25 May 2019

Board Game Review: Ginkgopolis

The cover art for Ginkgopolis. A man and a woman in vaguely futuristic clothing looking at some technology that appears to be planning the construction of a futuristic city, standing on a metal platform in a grassy area with a few trees, as a path runs towards some sci-fi buildings in the background.

Not too long ago, I got to try out a game that you may have heard of. It's called Ginkgopolis, by Xavier Georges, from Z-Man Games. I had fun learning it, and am anxious to try it again, now that I know how to play it! See, it's... not quite an area control game, and not quite a deck-builder, and not quite a resource management/building game... but it's got elements of all of those things, all crammed together in a most intriguing little mechanic!

But I seem to be getting ahead of myself again, as I am wont to do. So let's pause for a moment and take a look at the numbers:

18 May 2019

PinkFae Archive #36: ZOE (Zombie Orpheus Entertainment) - A Great Little Company

This article is another entry from the PinkFae Archives. It is another in the series I wrote about Gen Con 2016. It was originally published on 8 October 2016.

The ZOE logo: a white circle with five hands rising up from the bottom in silhouette, as if they were the hands of zombies erupting up out of the ground. A short arc, about a quarter the circumference of the white circle, concentric with the white circle, runs along the bottom edge of the circle, bisecting three dots. This logo, which is white on a background of dark blue fading to black in gradient, is the inverse of the normal colours: a black logo on a white background.

One of the booths I stopped at whilst I was at Gen Con was the Zombie Orpheus Entertainment booth. I knew I wanted to see what they had, because I'd enjoyed Dark Dungeons so much. ZOE was the company that had produced that particular film. So I stopped by and talked to one of the representatives for a moment. This is what they had to say.

11 May 2019

PinkFae Archive #35: Board Game Review: Tell Me a Story

This week's entry is another PinkFae Archive, this one being a review of the game Tell Me a Story from Escape Hatch Games, by Kirby Atwood, Cody Faulk, Brent Woodside, and Kayla Woodside. It is also an installment in the series I wrote about Gen Con 2016. This article first appeared on 1 October 2016.

The box, about 3 centimetres by 7 centimetres by 5 centimetres, with the game Tell Me a Story. The box is black with various white line drawings all over it, and a large speech balloon with the title n the front and the lid.

A brand new company called Escape Hatch Games had just released their first game a month or so before Gen Con. As I was wandering around the exhibit hall, I saw their booth, with the name of this first game proudly displayed on a banner behind them, and I knew I had to check it out. I stopped to ask them about it, and they did a quick one-round demo with me, and I knew I had to have it. Last week, I finally got to play a full game for the first time with three of my friends. It was epic. So now I shall review for you, my loyal readers, the wonderful game called Tell Me a Story.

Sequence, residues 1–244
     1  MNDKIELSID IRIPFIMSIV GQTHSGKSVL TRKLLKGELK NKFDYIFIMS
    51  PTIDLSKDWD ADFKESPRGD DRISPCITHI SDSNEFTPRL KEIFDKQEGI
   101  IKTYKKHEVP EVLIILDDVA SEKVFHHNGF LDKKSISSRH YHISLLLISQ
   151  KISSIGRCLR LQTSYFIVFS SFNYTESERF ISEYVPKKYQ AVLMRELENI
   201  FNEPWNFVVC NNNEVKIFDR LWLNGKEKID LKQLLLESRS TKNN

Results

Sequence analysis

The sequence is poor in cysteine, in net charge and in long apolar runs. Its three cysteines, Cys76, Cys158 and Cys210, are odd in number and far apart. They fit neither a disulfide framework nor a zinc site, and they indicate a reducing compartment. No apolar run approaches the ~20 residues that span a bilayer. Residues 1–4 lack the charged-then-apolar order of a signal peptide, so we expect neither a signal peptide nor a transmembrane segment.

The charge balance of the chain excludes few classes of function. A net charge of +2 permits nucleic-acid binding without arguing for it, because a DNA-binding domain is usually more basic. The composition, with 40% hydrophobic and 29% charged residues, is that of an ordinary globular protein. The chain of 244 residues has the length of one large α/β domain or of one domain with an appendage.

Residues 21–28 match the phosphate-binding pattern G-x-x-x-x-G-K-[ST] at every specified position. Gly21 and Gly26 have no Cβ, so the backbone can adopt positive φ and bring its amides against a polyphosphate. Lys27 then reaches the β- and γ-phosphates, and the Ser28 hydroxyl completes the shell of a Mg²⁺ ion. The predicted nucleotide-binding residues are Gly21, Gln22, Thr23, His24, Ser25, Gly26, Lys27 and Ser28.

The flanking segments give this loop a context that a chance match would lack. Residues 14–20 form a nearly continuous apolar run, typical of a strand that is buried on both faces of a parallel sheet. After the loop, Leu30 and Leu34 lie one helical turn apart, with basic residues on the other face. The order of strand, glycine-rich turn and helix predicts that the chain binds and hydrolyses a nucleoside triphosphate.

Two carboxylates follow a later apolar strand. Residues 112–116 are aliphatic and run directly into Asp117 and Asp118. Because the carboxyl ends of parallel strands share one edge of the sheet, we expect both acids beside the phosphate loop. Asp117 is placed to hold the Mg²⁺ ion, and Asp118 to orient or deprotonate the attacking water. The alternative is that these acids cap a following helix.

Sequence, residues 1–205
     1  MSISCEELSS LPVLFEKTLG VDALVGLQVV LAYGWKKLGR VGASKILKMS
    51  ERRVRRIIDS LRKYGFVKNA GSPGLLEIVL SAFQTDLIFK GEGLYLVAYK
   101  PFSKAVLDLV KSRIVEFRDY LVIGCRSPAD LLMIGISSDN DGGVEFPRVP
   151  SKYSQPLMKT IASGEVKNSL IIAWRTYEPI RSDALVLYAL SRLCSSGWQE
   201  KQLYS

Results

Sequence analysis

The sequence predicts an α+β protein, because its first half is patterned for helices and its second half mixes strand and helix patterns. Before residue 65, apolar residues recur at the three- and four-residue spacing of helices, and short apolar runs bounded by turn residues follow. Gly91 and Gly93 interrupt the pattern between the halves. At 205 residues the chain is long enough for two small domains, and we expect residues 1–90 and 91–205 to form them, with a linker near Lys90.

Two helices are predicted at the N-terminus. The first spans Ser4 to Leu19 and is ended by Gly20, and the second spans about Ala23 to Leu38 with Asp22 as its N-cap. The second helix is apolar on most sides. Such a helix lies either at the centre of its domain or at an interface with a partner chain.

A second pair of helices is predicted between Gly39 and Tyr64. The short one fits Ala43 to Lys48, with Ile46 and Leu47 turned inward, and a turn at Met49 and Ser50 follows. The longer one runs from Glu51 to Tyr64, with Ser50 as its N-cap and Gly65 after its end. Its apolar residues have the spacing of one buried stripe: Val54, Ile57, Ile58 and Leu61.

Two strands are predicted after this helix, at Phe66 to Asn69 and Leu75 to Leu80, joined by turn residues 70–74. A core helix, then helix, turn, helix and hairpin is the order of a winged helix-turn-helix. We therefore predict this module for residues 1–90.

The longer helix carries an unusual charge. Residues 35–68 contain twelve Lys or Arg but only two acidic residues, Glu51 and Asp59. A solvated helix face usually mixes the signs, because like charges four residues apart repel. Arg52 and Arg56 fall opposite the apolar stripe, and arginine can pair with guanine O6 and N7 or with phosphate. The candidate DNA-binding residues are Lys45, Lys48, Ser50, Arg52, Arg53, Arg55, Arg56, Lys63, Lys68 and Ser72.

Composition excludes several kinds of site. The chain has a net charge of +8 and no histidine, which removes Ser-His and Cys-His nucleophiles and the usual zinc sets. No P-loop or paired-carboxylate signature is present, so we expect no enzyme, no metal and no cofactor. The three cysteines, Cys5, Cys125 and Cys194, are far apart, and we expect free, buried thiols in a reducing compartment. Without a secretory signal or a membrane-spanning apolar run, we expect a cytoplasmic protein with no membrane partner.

04 May 2019

PinkFae Archive #34: MetaArcade: A New Frontier in Roleplaying Games.

This week's entry is another PinkFae archive from the series I wrote about Gen Con 2016. This article is a look at MetaArcade, an online platform allowing solo gaming using the Tunnels & Trolls system. This article was originally published on 23 September, 2016.

The MetaArcade Logo: The word MetaArcade in stylized letters, the first four in blue and the rest in red.

One of the more interesting things that I got to see at Gen Con was the MetaArcade booth. They're working on an interesting new concept: digital roleplaying. That sounds like computer or console-based RPGs, like the Final Fantasy series or Secret of Mana. But it's not. Here, let me explain. In order to explain, we'll need to go back in time to 1975, in Phoenix, Arizona.

The Tunnels and Trolls logo: the words in a fancy serif font, coloured yellow, curved up in the centre, with a troll's head at the end of the text.

Tunnels and Trolls

A librarian by the name of Ken St Andre read a friend's copy of Dungeons and Dragons, and loved the idea of fantasy roleplaying. However, he thought that D&D's rules were too complex, and the need for multiple polyhedral dice would intimidate new players. So he wrote his own game in the same genre, calling it Tunnels and Trolls. Although it was very similar to D&D in feel and style, the rules were more straightforward, and it only required six-sided dice. St Andre self-published the first edition, and in July of that year, Flying Buffalo mass produced the first commercial edition.